Running up that hill

Green New Dealers fight Manchin's poison pills as the ocean turns into a hot tub


The Green New Deal happy hour last night was a celebratory and serious affair, with a wide array of good people arriving by Metro and bicycle to a subway-car-turned-bar. The theme of the evening, with carbon-juiced thunderstorms looming on the horizon, was the necessity of alliance between environmentalists and labor. Sen. Ed Markey (D-Mass.) talked about passing a climate bill that will make the Inflation Reduction Act look small; Reps. Rashida Tlaib (D-Mich.) and Robert Garcia (D-Calif.) expanded on the vision of the Green New Deal. And labor representatives from the UPS, SAG-AFTRA, Starbucks, and Wabtec locomotive fights rallied the crowd.

Workers with UE Locals 506 and 618 at the Erie, Pa. Wabtec plant have been on strike for a month, fighting for good green jobs: both for better wages and also for a corporate commitment to build more low-and-zero-pollution Tier 4 locomotives. You can support their strike fund here.

SPOTTED: Sunrise spokesperson JP Mejia, who just turned 21; WE ACT’s Manny Salgado and Jasmine Jennings; LA Sierra Club chapter director Morgan Goodwin; Grow Progress’s Yoav Magid; and many more.

Climate hawks in the House are declaring war on Sen. Joe Manchin’s fossil-fuel poison pills in the Inflation Reduction Act, which require oil and gas lease sales before wind and solar projects can be approved. The CLEAN Energy NOW Acts, introduced today, would strip that language:

The Comprehensive Legislation for Expanding and Advancing Nonrestrictive (CLEAN) Energy Act, introduced by Rep. Sydney Kamlager-Dove (D-Calif.), repeals paragraph (1) of Section 50265(b) of the IRA to end the mandate that DOI hold an onshore oil and gas lease sale in the 120 days prior to issuing an onshore solar or wind right of way.

The Nonrestrictive Offshore Wind (NOW) Act, introduced by Reps. Alexandria Ocasio-Cortez (D-N.Y.) and Deborah Ross (D-N.C.), repeals paragraph (2) of Section 50265(b) of the IRA to end the mandate that DOI hold an offshore oil and gas lease sale in the year prior to issuing an offshore wind lease.

The bills have about two dozen original co-sponsors.

This morning, Manchin is chairing yet another one of his “all of the above” hearings, with Opportunities for Congress to Reform the Process for Permitting Electric Transmission Lines, Pipelines, and Energy Production on Federal Lands. Not satisfied with President Joe Biden and Senate Majority Leader Chuck Schumer (D-N.Y.) attaching his polluter-permitting priorities to the IRA and the debt ceiling bill, Manchin is working with the Republicans to push for further stripping of environmental protections. Witnesses include fossil-fuel lobbyists Antonio Smyth of coal-and-gas-dominated American Electric Power, Kelly Speakes-Backman of natural-gas-heavy Invenergy, Chad Teply of Williams, Erik Milito of the Ocean Industries Association, and Pete Obermueller of the Petroleum Association of Wyoming, and Republican fossil-fuel ally Jason Stanek.

The Federal Energy Regulatory Commission, still without a full membership as Biden has not yet even nominated a replacement for Manchin-deposed Rich Glick, holds its monthly meeting tomorrow. Schumer has sent FERC a letter calling on the commission to strengthen its electric transmission rules.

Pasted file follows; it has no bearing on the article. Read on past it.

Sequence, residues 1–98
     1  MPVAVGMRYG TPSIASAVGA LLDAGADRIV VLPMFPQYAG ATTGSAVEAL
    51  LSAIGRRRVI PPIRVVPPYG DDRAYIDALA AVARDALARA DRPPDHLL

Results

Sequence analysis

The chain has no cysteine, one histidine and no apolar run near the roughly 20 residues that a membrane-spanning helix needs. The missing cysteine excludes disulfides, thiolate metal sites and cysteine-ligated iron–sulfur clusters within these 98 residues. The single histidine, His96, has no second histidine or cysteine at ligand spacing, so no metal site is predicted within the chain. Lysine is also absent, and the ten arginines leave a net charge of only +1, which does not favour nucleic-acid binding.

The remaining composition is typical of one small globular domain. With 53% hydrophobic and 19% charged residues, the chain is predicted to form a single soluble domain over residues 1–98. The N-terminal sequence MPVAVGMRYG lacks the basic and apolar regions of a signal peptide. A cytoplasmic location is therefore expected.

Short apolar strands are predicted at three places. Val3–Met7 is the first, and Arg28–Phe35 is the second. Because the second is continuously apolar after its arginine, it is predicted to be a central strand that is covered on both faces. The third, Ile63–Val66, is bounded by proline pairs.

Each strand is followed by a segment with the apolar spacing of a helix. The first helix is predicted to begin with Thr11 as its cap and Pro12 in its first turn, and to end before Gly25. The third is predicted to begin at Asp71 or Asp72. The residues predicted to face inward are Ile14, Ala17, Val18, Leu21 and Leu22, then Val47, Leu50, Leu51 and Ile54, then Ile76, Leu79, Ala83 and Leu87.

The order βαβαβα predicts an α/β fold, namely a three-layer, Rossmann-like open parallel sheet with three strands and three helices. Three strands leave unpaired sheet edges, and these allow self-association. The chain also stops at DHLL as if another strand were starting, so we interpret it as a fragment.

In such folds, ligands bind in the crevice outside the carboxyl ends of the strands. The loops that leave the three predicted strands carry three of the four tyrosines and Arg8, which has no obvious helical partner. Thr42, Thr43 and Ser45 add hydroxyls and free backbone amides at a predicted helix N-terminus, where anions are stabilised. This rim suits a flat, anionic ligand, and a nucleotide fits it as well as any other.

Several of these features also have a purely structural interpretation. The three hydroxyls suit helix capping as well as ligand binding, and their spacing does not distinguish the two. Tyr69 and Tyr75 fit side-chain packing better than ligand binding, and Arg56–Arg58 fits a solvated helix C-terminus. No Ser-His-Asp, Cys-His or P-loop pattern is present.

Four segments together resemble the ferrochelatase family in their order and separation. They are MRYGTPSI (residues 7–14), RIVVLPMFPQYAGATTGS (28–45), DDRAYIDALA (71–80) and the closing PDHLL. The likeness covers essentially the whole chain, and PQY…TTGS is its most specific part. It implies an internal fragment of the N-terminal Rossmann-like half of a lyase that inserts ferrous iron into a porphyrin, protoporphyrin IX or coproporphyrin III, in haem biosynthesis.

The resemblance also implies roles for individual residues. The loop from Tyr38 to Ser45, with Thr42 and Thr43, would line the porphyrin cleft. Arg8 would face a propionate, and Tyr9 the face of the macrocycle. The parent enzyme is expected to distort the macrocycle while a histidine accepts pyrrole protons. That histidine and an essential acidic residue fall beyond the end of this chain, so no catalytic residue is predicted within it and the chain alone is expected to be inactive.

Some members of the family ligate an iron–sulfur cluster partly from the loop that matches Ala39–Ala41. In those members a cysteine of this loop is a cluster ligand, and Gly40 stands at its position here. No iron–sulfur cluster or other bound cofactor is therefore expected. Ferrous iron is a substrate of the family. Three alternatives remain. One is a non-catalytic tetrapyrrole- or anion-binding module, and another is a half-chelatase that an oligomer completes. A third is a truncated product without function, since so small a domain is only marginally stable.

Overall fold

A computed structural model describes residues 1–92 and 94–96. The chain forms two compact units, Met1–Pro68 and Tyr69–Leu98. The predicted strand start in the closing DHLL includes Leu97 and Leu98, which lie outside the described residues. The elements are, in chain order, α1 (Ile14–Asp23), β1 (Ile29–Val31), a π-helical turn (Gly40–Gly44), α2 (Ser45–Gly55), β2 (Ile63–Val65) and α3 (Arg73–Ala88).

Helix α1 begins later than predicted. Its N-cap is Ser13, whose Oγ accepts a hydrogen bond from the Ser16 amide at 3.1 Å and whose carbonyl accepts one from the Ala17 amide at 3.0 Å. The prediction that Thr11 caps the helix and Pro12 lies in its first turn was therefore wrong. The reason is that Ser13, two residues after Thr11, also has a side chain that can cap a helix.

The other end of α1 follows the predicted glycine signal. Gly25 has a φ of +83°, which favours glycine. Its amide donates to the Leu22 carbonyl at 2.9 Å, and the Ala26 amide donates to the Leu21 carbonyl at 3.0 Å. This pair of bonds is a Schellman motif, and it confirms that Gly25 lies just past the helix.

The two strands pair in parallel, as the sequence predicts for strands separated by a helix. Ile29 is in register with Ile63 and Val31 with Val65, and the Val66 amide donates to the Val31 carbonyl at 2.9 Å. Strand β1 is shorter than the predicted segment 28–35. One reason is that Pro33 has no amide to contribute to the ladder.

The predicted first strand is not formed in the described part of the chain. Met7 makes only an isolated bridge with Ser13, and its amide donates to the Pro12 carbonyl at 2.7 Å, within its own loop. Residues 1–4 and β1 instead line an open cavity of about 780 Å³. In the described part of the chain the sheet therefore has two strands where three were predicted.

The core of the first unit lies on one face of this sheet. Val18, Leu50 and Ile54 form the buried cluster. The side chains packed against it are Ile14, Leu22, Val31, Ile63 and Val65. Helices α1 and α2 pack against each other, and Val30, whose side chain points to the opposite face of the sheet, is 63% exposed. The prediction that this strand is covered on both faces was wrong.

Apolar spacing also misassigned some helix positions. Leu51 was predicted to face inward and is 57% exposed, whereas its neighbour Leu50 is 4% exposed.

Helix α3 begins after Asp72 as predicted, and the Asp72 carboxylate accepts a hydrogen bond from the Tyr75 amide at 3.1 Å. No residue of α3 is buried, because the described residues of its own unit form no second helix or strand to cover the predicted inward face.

At 9:40 am, Senate Budget chair Sheldon Whitehouse (D-R.I.) counters with his latest climate hearing, The Fiscal Consequences of Climate Change on Infrastructure. His witnesses include Gov. John Bel Edwards (D-La.), long-time energy policy expert Susan Tierney, Tulane climate adaptation professor Jesse Keenan, and electric utility CEO Linda Apsey. The Republican witness is former Sen. Jim Inhofe (R-Okla.) and Donald Trump staffer Alexander Herrgott.

This evening, Whitehouse is holding a virtual climate town hall with Rep. Melanie Stansbury (D-N.M.) and Earthjustice president Abbie Dillen and environmental justice leader Mustafa Santiago Ali.

This morning, Senate Environment chair Tom Carper (D-Del.) held a markup of bills to reduce diesel pollution, reauthorize the WILD Act, and protect coastal habitat, before holding a hearing on recycling e-waste to reduce the need for mining critical minerals.

In the afternoon, Environment’s clean air subcommittee chair Ed Markey (D-Mass.) chairs a hearing on reducing air pollution from trains, with environmental justice activist Ivette Torres, railworker labor leader Carl Rosen, and railroad lobbyist Ian Jefferies testifying. Of course, while it’s critically important to electrify the train network, it doesn’t help that much if cleaner trains used to transport coal, tar-sands oil, vinyl chloride, and liquefied natural gas.

Additionally, Indian Affairs chair Brian Schatz (D-Hawaii) holds a hearing on Native priorities for the Farm Bill reauthorization, and Foreign Relations chair Bob Menendez (D-N.J.) interviews civil servant Dennis Hankins to be ambassador to Haiti, Latino Democratic operative Nathalie Rayes to be ambassador to Croatia, and Obama-diplomat-turned-corporate-lobbyist James O’Brien to be the Assistant Secretary of State for European Affairs.

At 10:15 in the morning, the House Natural Resources committee is marking up controversial Republican bills to exempt cell towers from environmental permitting and change water-rights payments, as well as several other non-controversial federal lands, wildfire, and habitat bills.

Hearings on the Hill:

Climate Action Today:

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